Three new studies confirm cancer outcomes related to insurance, race, income

October 6, 2010

Researchers find that patients lacking private health insurance or are poor or black fare worse than other cancer patients.

Researchers find that patients lacking private health insurance or are poor or black fare worse than other cancer patients.

Lack of private health insurance made a marked difference in survival outcomes of women with uterine cancer, researchers from the American Cancer Society and the University of California, Irvine found.
“Uninsured and Medicaid and Medicare patients with uterine cancer are more likely to die within four years than privately insured patients,” stated lead researcher Stacey A. Fedewa, an epidemiologist at the ACS.

A retrospective analysis on 178,891 patients in the National Cancer Database showed that privately insured women had an unadjusted 4-year survival rate of almost 89%, compared with uninsured, approximately 81%; those on Medicaid, almost 76%; younger women insured through Medicare, 79%; and older women on Medicare, 69%.

Researchers also found that black women with uterine cancer had the lowest overall four-year survival rate, 63%, compared to whites and Hispanics, both 82%.
Some of the difference was due to access to care. Yet even taking treatment, insurance and other factors into account, black women still had a 32% greater risk of dying than white women.

The researchers find that other health factors, such as obesity and diabetes and cultural beliefs and quality of care, affect survival too.

In a second study, researchers led by Dr. Chyke Doubeni, an assistant professor of family medicine and community health at the University of Massachusetts Medical School, found that late-stage diagnosis of colon cancer was more common for residents of poor communities than for folks living in richer neighborhoods. The finding could explain higher death rates from colon cancer in disadvantaged areas, the researchers said.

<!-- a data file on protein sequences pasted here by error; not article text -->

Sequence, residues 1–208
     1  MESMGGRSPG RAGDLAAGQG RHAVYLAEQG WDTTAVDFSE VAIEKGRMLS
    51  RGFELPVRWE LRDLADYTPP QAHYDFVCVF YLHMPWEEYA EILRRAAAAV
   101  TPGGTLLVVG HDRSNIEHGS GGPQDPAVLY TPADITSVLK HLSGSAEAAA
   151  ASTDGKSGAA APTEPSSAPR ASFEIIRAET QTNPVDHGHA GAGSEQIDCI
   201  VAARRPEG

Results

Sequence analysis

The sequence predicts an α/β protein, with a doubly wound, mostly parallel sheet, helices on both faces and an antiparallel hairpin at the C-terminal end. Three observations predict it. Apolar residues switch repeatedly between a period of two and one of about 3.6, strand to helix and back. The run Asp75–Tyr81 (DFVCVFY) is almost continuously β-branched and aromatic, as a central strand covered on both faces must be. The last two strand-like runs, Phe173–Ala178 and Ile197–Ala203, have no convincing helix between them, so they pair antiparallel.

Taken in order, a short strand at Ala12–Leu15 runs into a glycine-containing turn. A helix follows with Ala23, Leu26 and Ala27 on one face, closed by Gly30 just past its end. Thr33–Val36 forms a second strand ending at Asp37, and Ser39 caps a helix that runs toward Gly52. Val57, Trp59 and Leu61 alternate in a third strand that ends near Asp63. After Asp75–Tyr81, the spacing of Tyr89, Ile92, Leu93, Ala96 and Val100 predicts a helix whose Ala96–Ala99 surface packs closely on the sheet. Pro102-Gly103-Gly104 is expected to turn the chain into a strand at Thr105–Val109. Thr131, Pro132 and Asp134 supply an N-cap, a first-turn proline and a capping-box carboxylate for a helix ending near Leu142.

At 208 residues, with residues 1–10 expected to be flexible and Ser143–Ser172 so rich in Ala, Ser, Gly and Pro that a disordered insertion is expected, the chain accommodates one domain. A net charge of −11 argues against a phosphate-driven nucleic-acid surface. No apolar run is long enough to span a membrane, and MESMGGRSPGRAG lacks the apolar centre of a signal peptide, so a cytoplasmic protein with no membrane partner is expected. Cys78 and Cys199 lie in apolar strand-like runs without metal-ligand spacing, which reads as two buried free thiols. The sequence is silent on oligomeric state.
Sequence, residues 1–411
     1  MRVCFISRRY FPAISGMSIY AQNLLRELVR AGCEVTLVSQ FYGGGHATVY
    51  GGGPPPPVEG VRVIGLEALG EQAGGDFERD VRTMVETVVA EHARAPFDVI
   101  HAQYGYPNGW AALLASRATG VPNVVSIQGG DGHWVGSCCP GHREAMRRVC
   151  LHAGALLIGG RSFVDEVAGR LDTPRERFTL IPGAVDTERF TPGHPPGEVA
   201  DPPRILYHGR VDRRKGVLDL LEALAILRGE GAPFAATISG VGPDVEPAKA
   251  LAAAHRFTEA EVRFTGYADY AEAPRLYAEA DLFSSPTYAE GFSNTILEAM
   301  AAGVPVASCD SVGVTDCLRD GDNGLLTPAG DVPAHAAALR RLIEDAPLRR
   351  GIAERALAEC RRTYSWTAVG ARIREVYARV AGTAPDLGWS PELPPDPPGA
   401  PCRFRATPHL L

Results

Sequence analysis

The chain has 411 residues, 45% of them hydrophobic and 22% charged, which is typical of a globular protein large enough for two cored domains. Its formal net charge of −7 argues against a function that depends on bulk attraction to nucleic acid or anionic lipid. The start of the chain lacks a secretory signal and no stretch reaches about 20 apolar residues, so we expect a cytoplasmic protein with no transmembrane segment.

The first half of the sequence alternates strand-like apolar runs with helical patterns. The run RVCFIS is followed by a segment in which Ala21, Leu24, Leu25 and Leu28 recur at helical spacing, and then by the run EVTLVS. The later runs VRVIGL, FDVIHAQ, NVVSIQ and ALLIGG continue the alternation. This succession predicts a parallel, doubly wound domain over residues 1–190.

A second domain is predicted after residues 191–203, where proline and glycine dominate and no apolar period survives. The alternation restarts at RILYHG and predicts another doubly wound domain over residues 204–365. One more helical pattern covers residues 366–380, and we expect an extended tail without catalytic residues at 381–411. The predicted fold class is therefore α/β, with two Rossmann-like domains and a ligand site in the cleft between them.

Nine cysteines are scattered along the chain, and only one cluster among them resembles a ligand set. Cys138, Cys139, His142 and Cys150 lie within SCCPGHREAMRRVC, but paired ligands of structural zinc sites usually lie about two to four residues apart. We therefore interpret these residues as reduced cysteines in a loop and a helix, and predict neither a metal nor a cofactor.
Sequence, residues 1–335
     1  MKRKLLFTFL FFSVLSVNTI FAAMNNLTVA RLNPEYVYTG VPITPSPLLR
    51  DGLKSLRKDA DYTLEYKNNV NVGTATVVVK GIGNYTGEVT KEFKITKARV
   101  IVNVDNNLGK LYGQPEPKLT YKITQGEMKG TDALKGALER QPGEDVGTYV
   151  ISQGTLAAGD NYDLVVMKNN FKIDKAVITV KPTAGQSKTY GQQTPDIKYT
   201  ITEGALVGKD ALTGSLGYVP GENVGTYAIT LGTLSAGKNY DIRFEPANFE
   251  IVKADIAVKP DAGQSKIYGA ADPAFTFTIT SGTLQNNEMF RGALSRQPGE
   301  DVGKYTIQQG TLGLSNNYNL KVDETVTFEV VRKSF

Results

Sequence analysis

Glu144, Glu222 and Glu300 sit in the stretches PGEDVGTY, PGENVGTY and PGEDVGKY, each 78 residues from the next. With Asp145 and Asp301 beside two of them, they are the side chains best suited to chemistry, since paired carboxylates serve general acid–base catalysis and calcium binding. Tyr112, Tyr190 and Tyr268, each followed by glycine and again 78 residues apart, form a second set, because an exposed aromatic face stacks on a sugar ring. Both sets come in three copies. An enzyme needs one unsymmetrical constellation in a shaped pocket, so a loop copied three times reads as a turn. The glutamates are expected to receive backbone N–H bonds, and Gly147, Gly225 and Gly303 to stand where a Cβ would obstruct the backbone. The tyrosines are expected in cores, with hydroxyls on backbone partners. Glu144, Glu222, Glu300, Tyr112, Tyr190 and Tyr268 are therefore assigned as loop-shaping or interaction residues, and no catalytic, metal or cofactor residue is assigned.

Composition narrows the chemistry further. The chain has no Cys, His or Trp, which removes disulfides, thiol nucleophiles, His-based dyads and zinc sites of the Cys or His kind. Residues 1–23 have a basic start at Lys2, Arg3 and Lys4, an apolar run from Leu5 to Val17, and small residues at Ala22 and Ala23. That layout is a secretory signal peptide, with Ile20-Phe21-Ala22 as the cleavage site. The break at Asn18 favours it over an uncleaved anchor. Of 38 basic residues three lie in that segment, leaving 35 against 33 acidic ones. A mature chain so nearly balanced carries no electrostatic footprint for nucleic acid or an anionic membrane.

By analyzing 6,934 cases of colorectal cancer included in a national study, the researchers found people in the poorest areas had a 13 percent greater incidence of colorectal cancer and 15 percent higher incidence of advanced colorectal cancer, compared with people in better-off areas. This held true even after taking into account education and other factors.

In a third report, a team led by Heather J. Hoffman, an assistant professor of epidemiology and biostatistics at George Washington University School of Public Health and Health Services, found that race played a larger role than insurance in getting a timely breast cancer diagnosis.

In a study of almost 1,000 women examined for breast cancer, white women with private insurance waited an average of 15.9 days between testing and diagnosis, while privately insured black women waited 27.1 days and Hispanics 51.4 days, the researchers found.

For women on Medicare or Medicaid, the wait between testing and diagnosis was 11.9 days for whites, 39.4 days for blacks and 70.8 days for Hispanics.
Amongst those without insurance, the wait was 44.5 days for whites compared with 59.7 days for blacks and 66.5 days for Hispanics.

Insurance affects the ability to obtain cancer screening and treatment, he said. But other barriers to care also exist, he added, pointing to cultural differences, health literacy, education.

And, while rarely overt, racism may be built into the health care system because the system fails to take racial and cultural differences into account, Carrasquillo added.